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Mortgage REIT lays groundwork for securitization


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Mortgage REIT lays groundwork for securitization

A subsidiary of MFA Financial Inc., a mortgage-focused real estate investment trust that has purchased packages of reperforming and nonperforming whole loans as part of a strategy of investing in credit-sensitive assets, has filed documentation with the SEC for a potential securitization of seasoned mortgages.

Beaumont Securities Holdings LLC's asset-backed securitizer report includes copies of various third-party due diligence reviews on loans that may be packaged in MFA 2017-RPL1 Trust.

The filing, which is the first submitted to the SEC to date by Beaumont Securities Holdings, did not provide additional details regarding a prospective transaction. MFA Financial listed Beaumont Securities Holdings among its subsidiaries in a previous 10-K filing. The asset-backed securitizer report was signed by Bryan Wulfsohn, a Beaumont Securities Holdings vice president who also serves as an MFA Financial senior vice president.

The mortgage REIT reported $1.35 billion in reperforming and nonperforming loans as of March 31, down from $1.41 billion at year-end 2016 but up from $1.02 billion on the same date in 2016. It reported that reperforming whole loans were yielding 5.65% net of servicing costs during the first quarter relative to a cost of funds of 3.19%. MFA Financial described bid prices for both reperforming and nonperforming whole loans as being "firm" during the quarter in a development they suggested during a May conference call might have resulted in part from "a strong bid by Wall Street banks."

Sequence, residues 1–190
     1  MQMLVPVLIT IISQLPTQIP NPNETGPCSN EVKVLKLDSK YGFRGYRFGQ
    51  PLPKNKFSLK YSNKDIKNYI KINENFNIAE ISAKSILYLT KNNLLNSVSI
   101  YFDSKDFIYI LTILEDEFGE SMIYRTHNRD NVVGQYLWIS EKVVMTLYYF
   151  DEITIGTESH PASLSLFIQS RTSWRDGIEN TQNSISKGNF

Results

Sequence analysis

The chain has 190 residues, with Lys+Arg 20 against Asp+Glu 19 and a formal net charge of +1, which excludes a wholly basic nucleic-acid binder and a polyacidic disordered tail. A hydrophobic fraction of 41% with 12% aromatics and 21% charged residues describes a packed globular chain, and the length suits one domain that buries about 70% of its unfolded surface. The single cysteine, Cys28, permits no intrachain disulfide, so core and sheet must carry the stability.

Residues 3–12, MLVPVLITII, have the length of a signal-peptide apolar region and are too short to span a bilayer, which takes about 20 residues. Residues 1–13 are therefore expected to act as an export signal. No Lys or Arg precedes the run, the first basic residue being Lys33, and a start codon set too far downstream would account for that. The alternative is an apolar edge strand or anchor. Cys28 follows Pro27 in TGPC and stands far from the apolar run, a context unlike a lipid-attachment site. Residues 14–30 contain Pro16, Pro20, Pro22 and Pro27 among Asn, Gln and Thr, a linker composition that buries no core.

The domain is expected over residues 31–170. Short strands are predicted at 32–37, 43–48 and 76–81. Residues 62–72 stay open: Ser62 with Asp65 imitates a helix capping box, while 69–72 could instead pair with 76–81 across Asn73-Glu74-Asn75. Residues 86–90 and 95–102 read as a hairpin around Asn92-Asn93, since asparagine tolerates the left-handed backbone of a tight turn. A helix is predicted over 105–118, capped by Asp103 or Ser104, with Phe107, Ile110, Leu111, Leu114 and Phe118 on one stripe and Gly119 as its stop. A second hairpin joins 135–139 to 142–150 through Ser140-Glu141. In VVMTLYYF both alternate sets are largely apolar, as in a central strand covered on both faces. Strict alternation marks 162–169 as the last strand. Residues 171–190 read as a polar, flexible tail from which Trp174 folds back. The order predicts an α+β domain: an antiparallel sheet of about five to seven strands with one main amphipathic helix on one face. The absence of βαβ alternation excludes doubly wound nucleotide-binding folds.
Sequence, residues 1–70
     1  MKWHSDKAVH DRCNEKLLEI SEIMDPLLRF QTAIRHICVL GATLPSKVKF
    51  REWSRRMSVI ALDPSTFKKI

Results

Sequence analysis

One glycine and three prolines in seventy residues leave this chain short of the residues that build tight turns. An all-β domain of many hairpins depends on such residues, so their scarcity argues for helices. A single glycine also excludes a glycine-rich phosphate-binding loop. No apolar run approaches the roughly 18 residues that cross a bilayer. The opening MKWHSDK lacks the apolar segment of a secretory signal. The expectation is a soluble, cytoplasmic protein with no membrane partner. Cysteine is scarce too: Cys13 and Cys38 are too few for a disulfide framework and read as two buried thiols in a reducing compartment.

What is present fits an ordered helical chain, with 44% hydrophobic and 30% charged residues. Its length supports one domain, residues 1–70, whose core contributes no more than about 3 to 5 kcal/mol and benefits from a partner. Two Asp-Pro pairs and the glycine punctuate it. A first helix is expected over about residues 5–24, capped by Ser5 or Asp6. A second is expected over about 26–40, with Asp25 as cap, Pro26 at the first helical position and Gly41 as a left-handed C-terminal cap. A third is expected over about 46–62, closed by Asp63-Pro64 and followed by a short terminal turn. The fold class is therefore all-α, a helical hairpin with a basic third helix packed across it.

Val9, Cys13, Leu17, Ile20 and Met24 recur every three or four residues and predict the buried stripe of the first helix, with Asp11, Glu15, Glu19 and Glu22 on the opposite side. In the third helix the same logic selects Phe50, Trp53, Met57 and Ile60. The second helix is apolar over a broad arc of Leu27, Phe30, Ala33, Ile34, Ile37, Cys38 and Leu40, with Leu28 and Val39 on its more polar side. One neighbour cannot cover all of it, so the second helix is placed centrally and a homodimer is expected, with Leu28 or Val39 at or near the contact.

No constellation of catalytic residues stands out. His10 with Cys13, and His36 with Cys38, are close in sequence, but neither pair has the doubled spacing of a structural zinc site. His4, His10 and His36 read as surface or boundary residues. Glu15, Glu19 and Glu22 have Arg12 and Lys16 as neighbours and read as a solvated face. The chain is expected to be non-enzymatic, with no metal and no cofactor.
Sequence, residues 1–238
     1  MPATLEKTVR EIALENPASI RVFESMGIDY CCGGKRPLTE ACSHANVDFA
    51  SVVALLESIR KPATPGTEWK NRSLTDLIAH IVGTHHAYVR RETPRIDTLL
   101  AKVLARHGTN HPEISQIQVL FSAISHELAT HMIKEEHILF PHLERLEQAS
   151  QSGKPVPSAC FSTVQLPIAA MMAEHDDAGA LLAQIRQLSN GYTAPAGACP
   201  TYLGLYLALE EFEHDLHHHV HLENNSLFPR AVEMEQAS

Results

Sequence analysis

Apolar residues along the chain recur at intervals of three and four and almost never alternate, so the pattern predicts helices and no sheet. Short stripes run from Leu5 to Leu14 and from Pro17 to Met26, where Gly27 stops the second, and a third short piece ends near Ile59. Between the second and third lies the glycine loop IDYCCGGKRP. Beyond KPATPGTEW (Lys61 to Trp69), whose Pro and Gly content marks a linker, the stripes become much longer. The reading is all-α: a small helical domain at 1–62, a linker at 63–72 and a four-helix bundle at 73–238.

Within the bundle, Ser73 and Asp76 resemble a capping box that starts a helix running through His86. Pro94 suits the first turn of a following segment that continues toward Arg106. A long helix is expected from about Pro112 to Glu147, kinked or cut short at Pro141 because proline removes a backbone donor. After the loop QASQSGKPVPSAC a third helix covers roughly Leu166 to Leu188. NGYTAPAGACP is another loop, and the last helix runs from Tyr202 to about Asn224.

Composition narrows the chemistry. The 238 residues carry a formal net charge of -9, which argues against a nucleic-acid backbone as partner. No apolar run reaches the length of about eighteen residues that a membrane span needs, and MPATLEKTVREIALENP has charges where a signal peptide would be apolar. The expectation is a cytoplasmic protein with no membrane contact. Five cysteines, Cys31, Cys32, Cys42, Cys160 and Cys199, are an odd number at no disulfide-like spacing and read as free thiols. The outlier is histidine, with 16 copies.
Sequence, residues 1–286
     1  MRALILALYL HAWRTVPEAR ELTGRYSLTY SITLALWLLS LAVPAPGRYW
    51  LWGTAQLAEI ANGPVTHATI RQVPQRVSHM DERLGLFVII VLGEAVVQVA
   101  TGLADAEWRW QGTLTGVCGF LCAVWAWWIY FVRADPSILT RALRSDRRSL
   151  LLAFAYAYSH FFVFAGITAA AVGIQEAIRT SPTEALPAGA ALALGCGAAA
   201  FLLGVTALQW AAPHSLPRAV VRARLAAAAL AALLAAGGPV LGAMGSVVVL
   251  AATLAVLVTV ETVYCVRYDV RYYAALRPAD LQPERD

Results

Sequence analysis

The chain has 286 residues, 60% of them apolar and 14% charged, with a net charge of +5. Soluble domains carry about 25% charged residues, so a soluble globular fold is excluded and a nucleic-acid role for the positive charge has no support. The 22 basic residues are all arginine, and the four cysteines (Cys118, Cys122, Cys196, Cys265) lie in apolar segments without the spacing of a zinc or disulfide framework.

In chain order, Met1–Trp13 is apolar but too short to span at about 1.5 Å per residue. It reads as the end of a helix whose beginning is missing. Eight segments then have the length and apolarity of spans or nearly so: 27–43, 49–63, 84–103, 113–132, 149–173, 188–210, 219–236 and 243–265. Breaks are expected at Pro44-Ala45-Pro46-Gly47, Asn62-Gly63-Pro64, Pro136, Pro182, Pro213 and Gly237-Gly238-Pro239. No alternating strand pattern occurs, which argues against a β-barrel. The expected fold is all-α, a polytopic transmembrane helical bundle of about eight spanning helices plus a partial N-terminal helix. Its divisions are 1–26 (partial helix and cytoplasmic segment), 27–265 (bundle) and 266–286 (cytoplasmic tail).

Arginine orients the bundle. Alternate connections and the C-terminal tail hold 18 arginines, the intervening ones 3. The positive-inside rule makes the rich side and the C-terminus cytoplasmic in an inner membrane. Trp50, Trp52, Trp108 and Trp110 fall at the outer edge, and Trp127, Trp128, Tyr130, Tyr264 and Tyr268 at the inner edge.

The mortgage REIT also held $2.45 billion of three-year "step-up" securities, which represent securitized financial instruments backed largely by reperforming and nonperforming loans where the coupon in many cases increases up to 300 basis points at 36 months from the time of issuance or sooner. The net yield on those securities totaled 4.02% in the first quarter relative to a 2.30% cost of funds. Nonperforming and reperforming loans accounted for $1.89 billion and $278.9 million of the "step-up" portfolio, respectively, as of March 31, the mortgage REIT said in its most recent 10-Q.

Speaking June 1 during an investor conference, MFA Financial President and COO Craig Knutson said a securitization of reperforming loans is an idea that has "certainly been on the table."

He has not ruled out an eventual securitization of reperforming loans when asked in past public forums about the potential for transactions of the kind. In November 2015, for example, Knutson said he viewed reperforming loans as an "attractive asset," but also "an expensive liability." While he said at the time that he viewed MFA Financial as being a better buyer of reperforming loans than a seller, Knutson said that a securitization was "certainly a possibility."

In his June 1 comments, which also came in response to a question, Knutson said: "I think we're either a buyer or a seller. If those [spreads] continue to tighten and if the Fed continues to raise rates, [then] yes, we could certainly be an issuer of those securities."

Active securitizers of seasoned performing, reperforming or nonperforming loans have included the likes of New Residential Investment Corp., DLJ Mortgage Capital Inc., Bayview Asset Management LLC, Mill City Holdings, and FirstKey Mortgage LLC through its Towd Point Mortgage Trust platform.